There’s a point in the Bible where God seems to promise that the fullness of our life is not just what we see and experience. There seems to be a continuity between what is happening here and what happens in the next life. It’s about love, life and relationships. I think that is really important. A key part of faithful Christian living is the participation in the work of God.”

Rastafari

Stella Headley is director of Rastafari Movement UK

We are from the Earth, so we highly respect all things on the planet. We don’t want to hurt or harm, it’s all about love, preservation and sustaining what we have. Not all Rastafari are vegan or vegetarian, but we try and make our food be our medicine and our medicine be our food. Where possible we will plant and grow our own food and use that to sustain ourselves.

I think man has lost respect for the Earth and replaced it with a greed for power. It’s bad enough people being mis-educated, but we’ve started to mis-educate ourselves into thinking we need all these things. It’s like a slow suicide. 

But Rastafari don’t die, we continue in one realm or another. Our spirit will still live on to bless something else. To me, it seems like the people who align their future with money and materialism are the ones who are panicking.” 

Raëlism

Glenn Carter is president of Raëlians UK

There is no question that we have a climate crisis. However, in my view, and in the views of the latest science, the global warming aspect is a hoax. Global warming is not linked to humans. That has been a tax con for the government to raise money. Climate crisis and global warming are two completely different things.

Our creators have given us all the tools to survive ourselves, to solve problems [the Raëlian movement teaches that life on Earth was scientifically created by a species of humanoid extraterrestrials]. They gave us prophets, books and philosophies that we should be following. Will they eventually come and re-seed their experiment somewhere else, or will they let it just pass? I can’t say.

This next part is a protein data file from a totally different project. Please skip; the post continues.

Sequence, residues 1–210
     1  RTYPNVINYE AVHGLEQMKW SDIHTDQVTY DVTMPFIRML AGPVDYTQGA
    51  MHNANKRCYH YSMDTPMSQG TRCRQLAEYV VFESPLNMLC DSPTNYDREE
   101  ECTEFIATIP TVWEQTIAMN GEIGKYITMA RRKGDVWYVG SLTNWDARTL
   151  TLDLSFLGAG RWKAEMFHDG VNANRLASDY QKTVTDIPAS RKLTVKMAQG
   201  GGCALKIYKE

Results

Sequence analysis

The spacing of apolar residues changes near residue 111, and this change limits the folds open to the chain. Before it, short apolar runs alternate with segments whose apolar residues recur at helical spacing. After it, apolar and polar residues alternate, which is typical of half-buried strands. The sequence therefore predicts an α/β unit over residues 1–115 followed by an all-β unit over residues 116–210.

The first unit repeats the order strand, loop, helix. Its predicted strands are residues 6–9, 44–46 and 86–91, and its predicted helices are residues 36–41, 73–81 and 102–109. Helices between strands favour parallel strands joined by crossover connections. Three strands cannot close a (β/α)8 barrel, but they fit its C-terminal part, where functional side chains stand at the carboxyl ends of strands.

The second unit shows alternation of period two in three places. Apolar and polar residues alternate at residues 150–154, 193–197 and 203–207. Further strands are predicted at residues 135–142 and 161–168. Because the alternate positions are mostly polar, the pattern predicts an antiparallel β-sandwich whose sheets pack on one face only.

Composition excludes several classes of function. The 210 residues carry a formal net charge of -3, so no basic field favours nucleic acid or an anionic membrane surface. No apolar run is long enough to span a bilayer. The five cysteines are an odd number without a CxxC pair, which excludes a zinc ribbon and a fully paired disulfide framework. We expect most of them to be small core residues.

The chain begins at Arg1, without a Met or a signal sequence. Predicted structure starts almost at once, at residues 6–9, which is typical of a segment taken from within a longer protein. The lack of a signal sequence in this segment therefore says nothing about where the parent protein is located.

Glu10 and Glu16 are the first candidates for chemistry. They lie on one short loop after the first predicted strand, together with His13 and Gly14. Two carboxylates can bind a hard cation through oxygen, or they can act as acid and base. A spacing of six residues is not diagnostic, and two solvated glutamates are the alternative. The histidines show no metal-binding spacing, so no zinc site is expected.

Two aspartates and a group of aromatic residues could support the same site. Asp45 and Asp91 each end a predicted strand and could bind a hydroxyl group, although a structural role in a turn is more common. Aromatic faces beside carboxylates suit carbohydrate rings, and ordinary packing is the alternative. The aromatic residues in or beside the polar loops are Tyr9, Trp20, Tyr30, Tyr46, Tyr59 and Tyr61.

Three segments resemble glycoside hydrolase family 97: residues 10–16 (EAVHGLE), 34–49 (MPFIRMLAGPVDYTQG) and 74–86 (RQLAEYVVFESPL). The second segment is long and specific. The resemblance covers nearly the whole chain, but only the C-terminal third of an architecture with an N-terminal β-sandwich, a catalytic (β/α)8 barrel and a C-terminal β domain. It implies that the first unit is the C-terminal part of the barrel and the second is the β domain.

Initially humanity was created here because scientists wanted to express themselves. Something that may well have started out as just an experiment could become a universal growing or learning process for all people. Every day we have the opportunity to grow, learn, create and be a beautiful example of a human being, or be a complete and utter moron. It’s entirely up to us!” 

Satanism

Andy Diabolus is UK chapter head of the Global Order of Satan

As non-theistic Satanists, we don’t believe in God or the Devil: our major focus is science. We take a very similar perspective to Extinction Rebellion. In our six pillars, it states that science and reason should stand above any kind of dogma. We do a lot of activism and a lot of what we do is based on the figure of Satan in the poet Milton’s Paradise Lost. He’s the guy that turned around to authority and said: No, I’m not putting up with this!’ 

You have autonomy, you have personal power, you have the power to change things yourself and stand up to the institutions. We love ourselves, we love everyone – within reason – and we want the human race to continue. We want it to be free. To recognise what humanity’s true power is and do great and amazing things. We’re more than just ­communities, or nations, we are a world. We’ve got to work together on this.” 

Hare Krishna

Jai Nitai Dasa is president of ISKCON Radha-Krishna Temple, London

We teach a connectivity with all living creatures. Everything has come from the supreme being, who we call Krishna. That means that God is everywhere and we should treat everything with the utmost respect. 

There’s contamination of the planet because our hearts have become contaminated. We are not living from a pure place of understanding but from a place of illusion and forgetfulness of God. 

If one cultivates spiritual knowledge, one will act in a more civilised and humane way and will deal with the environment in a different way. If you water the root of the tree then all aspects of the tree become ­nourished. To water the root is to understand your connectivity with God and then you automatically understand your relationship with everything.

We are here to fully realise ourselves. Every soul is here ultimately to put their God-given nature or talent in service back to God. Whether you play football, or sweep streets, do it for Krishna.”